Sun Mee Chomet conducts comedy in Jungle Theater’s Miss Bennet | Theater Review by Anne Holzman (Winter 2020 issue)
Miss Bennet: Christmas at Pemberly, Scripted by Lauren Gunderson and Margot Melcon, Jungle Theater, Minneapolis ~ November 20 through December 29, 2019
The plush, ornate Jungle Theater offered the perfect setting for the Christmas comedy cocktail Miss Bennet: Christmas at Pemberley, at once a literary tribute to the enduring charms of Jane Austen and a hilarious interrogation of the many Christmas behaviors we Americans have inherited from Victorian England.
Let’s start with the poor pine/ spruce looming at center stage, introduced by Lizzy Bennet (played by the versatile Sun Mee Chomet) as the latest fashion in Christmas decorations from Germany, and endlessly remarked upon throughout the play. Lizzy, the Elizabeth Bennet protagonist from Jane Austen’s Pride and Prejudice, feels she must establish herself as mistress of her husband’s estate, a question of setting fashions as well as managing servants.
The opening pushback from her husband concerning whether a tree belongs in a living room continues to plague her all evening in Lauren Gunderson and Margot Melcon’s clever, insightful script. Staging under director Christina Baldwin doesn’t miss an opportunity to react with shock at the strange sight.
Seasonal irony abounds. The title character in the play just happens to be named Mary, but she’s not the one giving birth. Rather, she is the bookish sister, socially awkward to say the least, not at all in search of a husband but longing to see the world. “Can one live a large life in mind alone?” Mary asks at the beginning of the play. The question seems comically irrelevant, as largeness of life clearly surrounds a family as wealthy —- not to say ostentatious —- as the Bennets.
Though an unpregnant virgin, our Mary does have a pregnant sister —- the eldest of the five Bennet sisters, Jane, who, as she lumbers onstage, will clearly be going into labor any minute now. Apart from a subplot-resolving arrangement to have the youngest sister, Lydia, become the baby’s nanny at some future time, the pregnancy and birth stay amusingly on the margins of the Bennet family drama. If Christmas was ever about the birth of Christ, you certainly wouldn’t know it from watching this play.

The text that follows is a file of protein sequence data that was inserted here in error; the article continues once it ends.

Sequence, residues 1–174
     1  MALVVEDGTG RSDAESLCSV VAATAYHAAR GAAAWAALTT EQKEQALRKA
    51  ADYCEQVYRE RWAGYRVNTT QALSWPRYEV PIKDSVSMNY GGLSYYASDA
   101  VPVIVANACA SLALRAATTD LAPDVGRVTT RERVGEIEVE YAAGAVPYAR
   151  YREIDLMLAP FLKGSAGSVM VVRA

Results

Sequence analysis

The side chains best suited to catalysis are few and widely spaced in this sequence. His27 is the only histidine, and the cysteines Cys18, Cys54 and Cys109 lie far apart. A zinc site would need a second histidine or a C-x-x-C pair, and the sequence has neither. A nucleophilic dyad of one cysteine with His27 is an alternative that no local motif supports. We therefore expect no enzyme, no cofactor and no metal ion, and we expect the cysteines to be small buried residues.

What it’s really about, which we always knew in our hearts, is sibling rivalry. Lizzy, the newly-married mistress of Pemberley, must manage her warring sisters and their all-too-human spouses, plus the perennially peripheral Anne DeBourgh (Anna Hickey), who is about to get jilted for the second time in her fictional career as she competes with Mary for the devotion (and the inheritance by marriage) of her cousin Arthur DeBourgh (Reese Britts).
Lizzy’s husband, Fitzwilliam Darcy (James Rodriguez) is no help at all, a straight man throwing curveballs as he spills secrets, misses nuances, and dismisses the excitement of impending parenthood as “common” —- each time leaving Lizzy behind to clean up the mess.
For sheer comic panache, young Lydia (Andrea San Miguel) outdoes all her rivals, throwing herself at the clueless DeBourgh and cleverly savaging her sisters. San Miguel’s wide, devilish grin seems to be everywhere as she flits about the stage, getting into the faces, and sometimes the laps, of characters who are rather more comfortable with a little refined personal space.
The male leads, too, revel in one-dimensional comic roles. So Chomet’s role as Lizzy requires knitting together these disparate characters, her reactions on stage subtly guiding our reactions as viewers to make the wacko plot add up in the end. Her affectionate relationship with the giant Christmas tree at center stage somehow explains her ability to keep her family from tearing itself apart. And Chomet has perfected the frozen-face timing that allows the audience an interval of laughter before the clever language resumes on stage.
The script by Gunderson and Melcon mimics Austen’s language while allowing flexible character development. American actors must resort to a few Britishisms in order for the jokes to make sense, but the Jungle cast didn’t get too wrapped up in accents for their Minnesota audience. The delivery of the famous opening line of Pride and Prejudice, concerning the necessity of marriage, blossomed with deadly perfume as the play reached its climax, sort of, in a slant-told Victorian manner.
It is to be hoped that, like indoor trees and sibling rivalry, the Jungle’s Austen tributes will become an enduring Christmas tradition.